Douglas County schools seek to bolster gender equity in classes
One of the biggest challenges in education is attracting students to careers that have long been identified with one gender. But changes are brewing, and some recent efforts by Douglas County educators have drawn national attention.
These efforts were highlighted at the National Summit for Educational Equity, held April 11-14 in Alexandria, Virginia. Douglas County was represented by Analicia Nicholson of Douglas Education Service District, Sheri Carson of Roseburg Public Schools and Kristi Hurt of Umpqua Community College. The conference was organized by the National Alliance for Partnerships in Equity. Attendees also were able to visit Capitol Hill while Congress was in session.
One conference topic was finding ways to expand participation in nontraditional fields, defined as occupations in which males or females comprise less than 25 percent of the workforce. Two examples are encouraging females to take manufacturing classes or males to enroll in early childhood courses.
Carson, who teaches family consumer studies at Roseburg High, said she already knew Oregon needed to improve its numbers in this area, but the conference showed her the problem is nationwide.
“The other big takeaway I had from the conference was the House representatives and senators that we met are pushing for Career & Technical Education to be valued on at least the same level as core classes,” she said. “They believe, as I always have, that the stronger the CTE programs and backing in an area, the more jobs that are available to improve and stabilize the economy.”
Carson said RHS learned through student surveys that ill-fitting safety equipment was one reason girls identified for not taking manufacturing classes. Investing $350 on smaller welding helmets, jackets and gloves was one action that helped girls feel more comfortable in welding classes.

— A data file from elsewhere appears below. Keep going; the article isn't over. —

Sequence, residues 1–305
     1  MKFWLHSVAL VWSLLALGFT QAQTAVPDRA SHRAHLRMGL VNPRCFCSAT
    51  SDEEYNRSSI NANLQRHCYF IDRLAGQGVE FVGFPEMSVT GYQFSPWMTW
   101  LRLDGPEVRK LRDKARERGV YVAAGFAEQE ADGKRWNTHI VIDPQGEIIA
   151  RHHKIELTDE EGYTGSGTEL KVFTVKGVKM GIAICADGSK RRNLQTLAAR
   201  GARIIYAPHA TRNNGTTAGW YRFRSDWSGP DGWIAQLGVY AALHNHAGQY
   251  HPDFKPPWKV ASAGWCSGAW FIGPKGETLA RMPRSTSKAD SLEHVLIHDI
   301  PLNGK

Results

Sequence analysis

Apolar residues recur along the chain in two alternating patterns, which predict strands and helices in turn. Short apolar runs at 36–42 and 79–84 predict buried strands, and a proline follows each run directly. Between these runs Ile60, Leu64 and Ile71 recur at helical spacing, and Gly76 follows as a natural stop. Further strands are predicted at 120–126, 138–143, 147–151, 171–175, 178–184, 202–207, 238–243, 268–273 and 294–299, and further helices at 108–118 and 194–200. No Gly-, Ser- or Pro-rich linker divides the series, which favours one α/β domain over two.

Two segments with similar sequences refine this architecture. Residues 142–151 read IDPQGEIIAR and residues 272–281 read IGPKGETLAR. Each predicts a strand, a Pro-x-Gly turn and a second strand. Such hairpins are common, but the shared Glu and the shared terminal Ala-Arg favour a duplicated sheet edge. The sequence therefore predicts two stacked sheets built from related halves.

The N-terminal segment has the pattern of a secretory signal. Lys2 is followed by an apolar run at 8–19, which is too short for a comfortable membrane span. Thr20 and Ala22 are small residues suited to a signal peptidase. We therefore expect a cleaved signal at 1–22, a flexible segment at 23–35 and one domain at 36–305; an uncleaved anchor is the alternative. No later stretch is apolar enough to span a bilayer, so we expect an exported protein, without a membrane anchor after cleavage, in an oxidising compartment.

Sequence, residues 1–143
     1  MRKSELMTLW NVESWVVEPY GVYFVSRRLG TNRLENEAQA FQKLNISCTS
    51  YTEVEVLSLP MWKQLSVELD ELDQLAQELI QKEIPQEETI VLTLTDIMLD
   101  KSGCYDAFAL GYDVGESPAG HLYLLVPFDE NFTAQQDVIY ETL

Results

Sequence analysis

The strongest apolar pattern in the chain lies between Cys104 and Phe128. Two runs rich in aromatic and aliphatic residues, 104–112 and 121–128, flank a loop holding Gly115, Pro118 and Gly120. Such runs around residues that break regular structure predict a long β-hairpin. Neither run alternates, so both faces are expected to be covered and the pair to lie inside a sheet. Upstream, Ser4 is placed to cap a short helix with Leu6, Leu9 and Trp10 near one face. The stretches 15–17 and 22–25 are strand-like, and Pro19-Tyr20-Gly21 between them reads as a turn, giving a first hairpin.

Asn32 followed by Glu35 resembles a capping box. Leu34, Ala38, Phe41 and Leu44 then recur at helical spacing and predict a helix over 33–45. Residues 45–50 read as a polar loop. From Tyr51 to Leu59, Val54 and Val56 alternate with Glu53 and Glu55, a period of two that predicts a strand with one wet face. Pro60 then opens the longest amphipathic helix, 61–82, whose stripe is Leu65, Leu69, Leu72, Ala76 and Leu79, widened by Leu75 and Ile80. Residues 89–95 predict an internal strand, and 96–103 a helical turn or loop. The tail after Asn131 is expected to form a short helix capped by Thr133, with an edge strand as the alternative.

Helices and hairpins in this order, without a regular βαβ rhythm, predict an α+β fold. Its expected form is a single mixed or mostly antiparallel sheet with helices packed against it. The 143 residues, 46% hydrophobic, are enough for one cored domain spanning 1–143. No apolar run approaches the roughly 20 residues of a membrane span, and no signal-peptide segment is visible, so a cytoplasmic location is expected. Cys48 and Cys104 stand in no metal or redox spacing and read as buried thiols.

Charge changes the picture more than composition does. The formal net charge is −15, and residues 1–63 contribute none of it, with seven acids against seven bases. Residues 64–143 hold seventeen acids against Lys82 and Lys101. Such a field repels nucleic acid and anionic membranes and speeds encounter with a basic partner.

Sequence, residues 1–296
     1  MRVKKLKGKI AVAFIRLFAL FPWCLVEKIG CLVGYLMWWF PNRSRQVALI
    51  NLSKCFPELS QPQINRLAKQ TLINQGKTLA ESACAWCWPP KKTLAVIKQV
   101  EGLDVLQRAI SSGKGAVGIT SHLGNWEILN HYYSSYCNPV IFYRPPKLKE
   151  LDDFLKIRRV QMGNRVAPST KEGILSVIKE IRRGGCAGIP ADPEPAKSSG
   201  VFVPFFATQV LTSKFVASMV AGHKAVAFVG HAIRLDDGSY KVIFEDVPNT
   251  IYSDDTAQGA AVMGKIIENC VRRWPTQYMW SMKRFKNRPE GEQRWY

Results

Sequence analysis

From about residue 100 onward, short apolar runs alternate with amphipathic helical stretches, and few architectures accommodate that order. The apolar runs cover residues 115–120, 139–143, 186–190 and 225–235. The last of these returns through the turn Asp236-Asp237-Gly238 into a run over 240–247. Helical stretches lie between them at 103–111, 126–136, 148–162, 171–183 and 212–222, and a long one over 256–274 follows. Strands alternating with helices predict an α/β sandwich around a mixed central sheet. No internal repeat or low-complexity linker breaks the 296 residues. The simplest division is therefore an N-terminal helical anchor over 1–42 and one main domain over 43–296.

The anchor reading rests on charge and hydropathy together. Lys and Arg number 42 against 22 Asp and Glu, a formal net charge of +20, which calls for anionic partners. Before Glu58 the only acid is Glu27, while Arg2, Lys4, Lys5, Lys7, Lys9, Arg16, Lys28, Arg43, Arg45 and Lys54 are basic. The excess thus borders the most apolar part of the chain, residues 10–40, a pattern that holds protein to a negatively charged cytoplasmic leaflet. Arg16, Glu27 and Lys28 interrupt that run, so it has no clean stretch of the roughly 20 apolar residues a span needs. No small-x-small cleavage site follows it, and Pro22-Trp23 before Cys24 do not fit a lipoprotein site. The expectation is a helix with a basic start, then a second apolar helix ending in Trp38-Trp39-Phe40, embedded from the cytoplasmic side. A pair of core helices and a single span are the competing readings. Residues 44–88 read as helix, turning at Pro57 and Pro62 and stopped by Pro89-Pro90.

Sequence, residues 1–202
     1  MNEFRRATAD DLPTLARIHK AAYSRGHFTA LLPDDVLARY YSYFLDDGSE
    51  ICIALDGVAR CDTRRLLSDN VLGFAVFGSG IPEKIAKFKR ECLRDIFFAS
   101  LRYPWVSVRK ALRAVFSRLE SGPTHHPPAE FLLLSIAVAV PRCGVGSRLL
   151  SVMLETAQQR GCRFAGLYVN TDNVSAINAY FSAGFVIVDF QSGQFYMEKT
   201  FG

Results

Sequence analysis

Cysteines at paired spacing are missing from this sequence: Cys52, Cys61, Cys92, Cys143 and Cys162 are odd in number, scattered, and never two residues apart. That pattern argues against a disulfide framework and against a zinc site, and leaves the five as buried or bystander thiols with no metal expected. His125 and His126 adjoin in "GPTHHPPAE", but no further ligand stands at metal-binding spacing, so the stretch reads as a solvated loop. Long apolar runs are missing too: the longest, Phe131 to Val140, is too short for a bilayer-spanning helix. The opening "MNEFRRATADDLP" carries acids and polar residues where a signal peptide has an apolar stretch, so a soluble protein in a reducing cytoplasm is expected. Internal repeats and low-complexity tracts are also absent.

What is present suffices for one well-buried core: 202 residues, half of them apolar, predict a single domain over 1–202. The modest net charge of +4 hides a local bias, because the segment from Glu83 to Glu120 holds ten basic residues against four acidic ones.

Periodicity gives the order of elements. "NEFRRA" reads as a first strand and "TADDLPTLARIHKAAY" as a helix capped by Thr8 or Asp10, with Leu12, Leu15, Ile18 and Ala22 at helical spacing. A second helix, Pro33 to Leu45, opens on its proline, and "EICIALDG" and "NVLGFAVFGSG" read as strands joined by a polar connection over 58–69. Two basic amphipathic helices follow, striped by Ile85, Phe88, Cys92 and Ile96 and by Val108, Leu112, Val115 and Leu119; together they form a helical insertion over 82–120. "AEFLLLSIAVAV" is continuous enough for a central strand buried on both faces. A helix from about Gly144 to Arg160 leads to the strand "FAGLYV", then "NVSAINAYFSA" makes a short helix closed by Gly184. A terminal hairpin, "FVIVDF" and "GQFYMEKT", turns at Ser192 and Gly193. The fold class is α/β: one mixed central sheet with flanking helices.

Roseburg High also made sure students knew about CTE classes by starting Freshman Cruise class. This involves rotating every freshman through all RHS CTE courses for a week. Between the Freshman Cruise, new safety equipment and instructor efforts, enrollment of girls in manufacturing jumped from four to 38 in just one semester, Carson said.
Hurt said UCC has also ordered safety equipment in smaller sizes and, like Roseburg High, is helping instructors understand ways to make nontraditional fields more welcoming. Hurt said that can be a difficult prospect, in part because of what NAPE refers to as “micromessages.” These are subtle, unconscious messages sent through language or other interactions that may have negative consequences and discourage students.
“Part of what I took away from the conference is that instructors need to be aware that there is inequity in the playing field,” said Hurt, UCC educational partnerships specialist. “I think a lot of it is just being conscious of what you are saying and how you are treating students.”
Nicholson, director of instructional services at Douglas ESD, said Roseburg’s investment in safety equipment was well received at the conference, as was regional implementation of NAPE career toolkits that focus on micromessages.
She said Douglas County school districts use the toolkits to offer guidance on challenging cultural stereotypes and recognizing bias. They’ve been able to explore these and related NAPE models through regular meetings that don’t add to educators’ schedules and duties.
Nicholson said she, Carson and Hurt were pleased by the warm reception extended to their conference presentation.
“It was great to learn we are doing things in Douglas County that other places across the country are interested in replicating,” she said.